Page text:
France has the deepest and most talented squad. They also seemingly lack cohesion and, to put it bluntly, the cojones to win a major tournament. We saw that in the final of Euro 2016, when they lost at home to Portugal, despite Portugal’s best player, Cristiano Ronaldo, missing nearly 80% of the match due to injury. France is led by stars such as Antoine Griezmann, Kylian Mbappe, and Paul Pogba, but whether or not they can be a team or a collection of individual talent will be the task for much-maligned manager Didier Deschamps.
Spain, winners in 2010, flopped at the World Cup in 2014. Julien Lopetegui is in his first World Cup as Spain’s manager and has done a nice job infusing youth into the core that won the tournament in 2010. Isco, Thiago, Marco Asensio, David de Gea, Koke, and Saul are all young, exciting additions to a core featuring Sergio Ramos, Andres Iniesta, and Sergio Busquets. Spain has the talent to win it, but will they be able to change their pass-heavy philosophy if it is unsuccessful against teams who defend resolutely? We shall see.
Brazil, the great failure of the 2014 World Cup, has revenge on their mind. They famously lost in the semifinals of their own World Cup four years ago, being utterly humiliated 7-1 by Germany. It was one of the worst days in Brazil’s history. Yet, here they are again, with a different look. Neymar is loads better now than he was in 2014, and the team has a whole offers more attacking verve and defensive stability. Brazil’s 2014 squad was poor and only was favored because they were at home. This time around, Brazil is absolutely loaded, and have to be among the favorites to win it all.
Germany are the defending champions and for good reason. As Men in Blazers’ Roger Bennet described it, Germany takes what is beautiful about football, which is it’s unpredictability, and nullify it. Germany is predictably terrific in every tournament, with a cohesive unit of mercenaries who are always technically and tactically above the rest. While much of the old guard that won the 2014 tournament is still intact (Thomas Muller, Mesut Ozil, Toni Kroos, Manuel Neuer, etc), this team has a collection of young, exciting prospects that could make waves.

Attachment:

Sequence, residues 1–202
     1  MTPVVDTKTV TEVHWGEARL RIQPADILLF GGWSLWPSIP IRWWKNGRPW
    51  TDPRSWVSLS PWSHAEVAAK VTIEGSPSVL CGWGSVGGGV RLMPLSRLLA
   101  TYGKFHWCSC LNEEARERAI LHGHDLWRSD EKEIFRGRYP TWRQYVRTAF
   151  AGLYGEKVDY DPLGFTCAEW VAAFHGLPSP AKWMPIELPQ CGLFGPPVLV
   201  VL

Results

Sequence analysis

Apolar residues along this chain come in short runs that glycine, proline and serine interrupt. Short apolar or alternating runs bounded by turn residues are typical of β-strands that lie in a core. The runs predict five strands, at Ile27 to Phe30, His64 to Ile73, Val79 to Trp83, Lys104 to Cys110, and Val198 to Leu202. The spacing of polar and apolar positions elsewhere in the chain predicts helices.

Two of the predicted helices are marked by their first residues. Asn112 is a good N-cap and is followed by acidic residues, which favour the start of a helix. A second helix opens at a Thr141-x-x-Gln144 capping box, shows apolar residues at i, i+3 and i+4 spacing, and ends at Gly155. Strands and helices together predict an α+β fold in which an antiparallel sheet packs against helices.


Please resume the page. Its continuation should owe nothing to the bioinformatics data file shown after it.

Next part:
The Best Players
There are a handful of elite players you should keep an eye on. They are: Lionel Messi (Argentina), Cristiano Ronaldo (Portugal), Neymar (Brazil), Antoine Griezmann (France), Kevin de Bruyne (Belgium), Luis Suarez (Uruguay), Harry Kane (England), Eden Hazard (Belgium), Luka Modric (Croatia), and Robert Lewandowski (Poland).
Germany and Spain have at least five players each who could be on this list, but the ones that stand out: their goalkeepers (Neuer and de Gea), their midfield generals (Kroos and Iniesta), and dynamic playmakers with a nose for goal (Isco and Muller).
In every World Cup, there are a handful of young players who break out, and one that takes the tournament by storm. In 2014, it was James Rodriguez, who scored six goals in five matches.
Contenders in this tournament: Leon Goretzka (Germany), Marco Asensio (Spain), Thomas Lemar (France), Ruben Loftus-Cheek (England), Hirving Lozano (Mexico), and Lucas Toreira (Uruguay).
Who will Advance to the Knockout Stages?
My quick picks:
- Group A: Uruguay, Egypt
- Group B: Spain, Portugal
- Group C: France, Denmark
- Group D: Argentina, Croatia
- Group E: Brazil, Serbia
- Group F: Germany, Mexico
- Group G: Belgium, England
- Group H: Colombia, Poland
My quarterfinalists are Brazil, Belgium, France, Portugal, England, Germany, Spain, and Argentina.
My semifinalists are Brazil, France, Germany, and Spain.
And I have Brazil over Germany in the Final.
Golden Ball (best player of the tournament) will go to Neymar; Golden Boot (top goal scorer) will go to Brazil’s Gabriel Jesus; Golden Glove (best goalkeeper) to Germany’s Manuel Neuer; best young player to Germany’s Leon Goretzka, and the breakout star of the tournament will be Marco Asensio of Spain.
That’s it for me. Sit back, enjoy the football, and watch with the world as we see who will be crowned champions of World Cup 2018.